The 1976 debut of William Eggleston's Guide at the Museum of Modern Art marks the color photograph's entrée into the world of fine art. Critics of Eggleston claim he is a slumming aristocrat whose photographs are not worthy of a frame of film. His admirers counter by saying he possesses the gift of being able to make photographs out of nothing. At his best, the seemingly casual and dispassionate manner of his images masks his adroitness as a caustic yet affectionate memoirist of the banality and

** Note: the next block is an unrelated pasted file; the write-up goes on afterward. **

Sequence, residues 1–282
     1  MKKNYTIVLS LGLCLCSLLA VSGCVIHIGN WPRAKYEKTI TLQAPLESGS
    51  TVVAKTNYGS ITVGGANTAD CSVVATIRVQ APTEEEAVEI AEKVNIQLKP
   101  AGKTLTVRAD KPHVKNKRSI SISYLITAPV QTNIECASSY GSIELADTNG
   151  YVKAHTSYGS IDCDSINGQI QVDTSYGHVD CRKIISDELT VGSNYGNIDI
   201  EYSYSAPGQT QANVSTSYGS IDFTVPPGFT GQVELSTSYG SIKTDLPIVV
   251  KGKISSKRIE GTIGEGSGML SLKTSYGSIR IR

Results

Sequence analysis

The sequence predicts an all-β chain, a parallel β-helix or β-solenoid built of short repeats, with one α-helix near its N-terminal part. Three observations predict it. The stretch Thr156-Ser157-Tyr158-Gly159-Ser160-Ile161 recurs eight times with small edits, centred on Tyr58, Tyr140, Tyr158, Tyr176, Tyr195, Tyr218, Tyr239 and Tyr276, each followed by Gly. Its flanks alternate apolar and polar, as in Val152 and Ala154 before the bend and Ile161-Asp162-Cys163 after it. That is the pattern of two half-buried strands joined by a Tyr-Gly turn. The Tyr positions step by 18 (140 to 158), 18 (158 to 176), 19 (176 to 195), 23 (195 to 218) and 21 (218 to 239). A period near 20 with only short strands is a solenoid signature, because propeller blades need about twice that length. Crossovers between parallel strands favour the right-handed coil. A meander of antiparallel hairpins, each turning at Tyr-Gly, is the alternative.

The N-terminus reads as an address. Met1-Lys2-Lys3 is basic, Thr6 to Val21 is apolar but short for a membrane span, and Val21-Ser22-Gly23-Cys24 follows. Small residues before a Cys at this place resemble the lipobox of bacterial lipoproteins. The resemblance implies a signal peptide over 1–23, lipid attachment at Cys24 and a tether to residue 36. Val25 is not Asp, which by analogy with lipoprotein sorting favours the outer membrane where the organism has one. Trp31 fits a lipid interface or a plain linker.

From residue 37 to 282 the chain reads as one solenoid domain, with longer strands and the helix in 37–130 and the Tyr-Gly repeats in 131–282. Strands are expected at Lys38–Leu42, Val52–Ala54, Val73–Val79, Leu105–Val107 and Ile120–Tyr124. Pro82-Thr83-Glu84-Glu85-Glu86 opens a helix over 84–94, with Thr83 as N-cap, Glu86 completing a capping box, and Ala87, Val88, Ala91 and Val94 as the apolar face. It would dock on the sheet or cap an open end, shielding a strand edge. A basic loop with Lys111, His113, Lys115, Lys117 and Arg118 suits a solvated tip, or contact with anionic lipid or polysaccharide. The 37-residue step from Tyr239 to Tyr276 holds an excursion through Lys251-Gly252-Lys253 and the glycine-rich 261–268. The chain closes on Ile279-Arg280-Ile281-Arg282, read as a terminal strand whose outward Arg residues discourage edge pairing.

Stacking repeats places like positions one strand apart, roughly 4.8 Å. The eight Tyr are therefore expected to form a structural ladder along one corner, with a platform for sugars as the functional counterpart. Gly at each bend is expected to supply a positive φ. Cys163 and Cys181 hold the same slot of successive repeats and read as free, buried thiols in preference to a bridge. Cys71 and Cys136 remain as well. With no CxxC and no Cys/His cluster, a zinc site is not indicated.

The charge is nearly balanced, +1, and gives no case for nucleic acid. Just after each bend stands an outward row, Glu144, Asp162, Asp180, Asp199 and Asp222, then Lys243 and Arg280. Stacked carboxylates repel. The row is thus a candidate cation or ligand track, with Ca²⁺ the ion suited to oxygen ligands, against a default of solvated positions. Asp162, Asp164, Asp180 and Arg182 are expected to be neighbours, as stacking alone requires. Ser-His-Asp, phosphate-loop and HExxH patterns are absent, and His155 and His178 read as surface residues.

strangeness of everyday America in which objects take on a personality and become portraits.